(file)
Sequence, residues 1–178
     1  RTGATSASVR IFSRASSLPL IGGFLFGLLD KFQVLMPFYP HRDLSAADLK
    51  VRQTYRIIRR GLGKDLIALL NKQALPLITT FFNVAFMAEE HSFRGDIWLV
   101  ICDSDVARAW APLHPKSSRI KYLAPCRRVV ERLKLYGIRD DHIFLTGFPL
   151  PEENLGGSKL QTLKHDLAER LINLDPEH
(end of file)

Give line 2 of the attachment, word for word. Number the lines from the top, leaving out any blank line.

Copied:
     1  RTGATSASVR IFSRASSLPL IGGFLFGLLD KFQVLMPFYP HRDLSAADLK